It is all those things and more. It’s everything and therefore nothing. This is its legacy and its tragedy. D&D doesn’t exist. A mass hallucination, an alluring mirage, a promise that cannot be fulfilled. It is not a game. It is a cultural artifact. Everyone has their own D&D. Every gaming group, every online forum, every game designer. They all play their own D&Ds, they all discuss their own D&Ds, they all make their own D&Ds.

This uncomfortable truth is at the core of some of the fiercest misunderstandings of the hobby. It goes deeper than “optimizers” versus “true roleplayers”. Saying you play D&D conveys minimum useful information beyond “fantasy” and “class-based”. It is impossible to have a conversation about D&D without laboriously establishing common ground first, and not many people realize the need for that. Or, rather, not many people realize that “D&D” is not common ground. Instead, we put forward our opinions based on our versions of D&D against different opinions based on different D&Ds and are amazed that others have come to different conclusions.

Of course, all roleplaying games are by definition unique to the group playing them. They are a process, an ephemera, an experience. However,  a focused game system produces similar experiences, while a generic system can be used to play different games. But that’s just it – D&D is not a generic system. Instead, it is THE system. The first such game that existed, the first game most roleplayers tried. And thus it is the tool that all too often gets used for any job, regardless of its fitness.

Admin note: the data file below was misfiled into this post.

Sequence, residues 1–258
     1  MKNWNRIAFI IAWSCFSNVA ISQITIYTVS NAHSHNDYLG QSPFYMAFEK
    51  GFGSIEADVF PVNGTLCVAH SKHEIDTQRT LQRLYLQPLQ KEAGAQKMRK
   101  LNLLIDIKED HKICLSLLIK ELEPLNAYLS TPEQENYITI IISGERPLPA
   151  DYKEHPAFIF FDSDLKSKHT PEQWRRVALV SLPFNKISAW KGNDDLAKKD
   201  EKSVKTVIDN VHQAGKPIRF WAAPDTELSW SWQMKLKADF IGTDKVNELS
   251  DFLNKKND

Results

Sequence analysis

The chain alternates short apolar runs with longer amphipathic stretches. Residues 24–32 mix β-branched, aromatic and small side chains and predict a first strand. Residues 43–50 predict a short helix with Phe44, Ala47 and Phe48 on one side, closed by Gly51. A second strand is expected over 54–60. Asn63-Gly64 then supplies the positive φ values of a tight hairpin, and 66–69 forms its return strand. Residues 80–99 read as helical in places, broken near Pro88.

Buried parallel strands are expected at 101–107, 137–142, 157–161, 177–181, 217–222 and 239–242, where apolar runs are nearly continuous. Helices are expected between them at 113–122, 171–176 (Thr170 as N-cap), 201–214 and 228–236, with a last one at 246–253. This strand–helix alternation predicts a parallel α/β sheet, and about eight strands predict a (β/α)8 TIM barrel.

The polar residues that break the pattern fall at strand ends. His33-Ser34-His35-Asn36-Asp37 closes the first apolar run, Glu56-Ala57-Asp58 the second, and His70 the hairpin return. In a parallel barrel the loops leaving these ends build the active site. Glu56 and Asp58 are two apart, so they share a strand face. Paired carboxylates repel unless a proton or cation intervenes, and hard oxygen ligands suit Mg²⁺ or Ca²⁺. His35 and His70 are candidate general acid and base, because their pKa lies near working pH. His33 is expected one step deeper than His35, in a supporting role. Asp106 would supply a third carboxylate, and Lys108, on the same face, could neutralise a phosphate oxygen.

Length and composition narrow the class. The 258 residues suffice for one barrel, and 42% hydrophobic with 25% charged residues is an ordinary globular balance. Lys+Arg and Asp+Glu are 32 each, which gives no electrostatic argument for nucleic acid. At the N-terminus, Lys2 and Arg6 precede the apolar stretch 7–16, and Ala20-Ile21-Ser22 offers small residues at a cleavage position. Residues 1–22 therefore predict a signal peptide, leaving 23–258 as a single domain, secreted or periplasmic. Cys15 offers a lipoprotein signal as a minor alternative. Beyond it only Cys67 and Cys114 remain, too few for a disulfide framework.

D&D’s development history reflects that of many successful software projects. It’s early history is a classic example of feature creep. As the hobby was being developed, as it stretched its metaphoric muscles for the first time, players tried to achieve things that core game didn’t offer, by bolting new sub-systems onto it. D&D’s middle history is all about legacy content. It had all these “classic” features that made it up, and it tried to streamline them and make them more useable. And while mechanics got smarter, the inherent incongruences were made all the more obvious. D&D’s modern history was a departure from tradition. Yes, 4e. The designers actually tried to make the game focus on something. And the game was better for it! Of course, focusing on one part of D&D made it not the D&D that half of the community played. And the edition wars raged on. And, finally, the future: Next edition.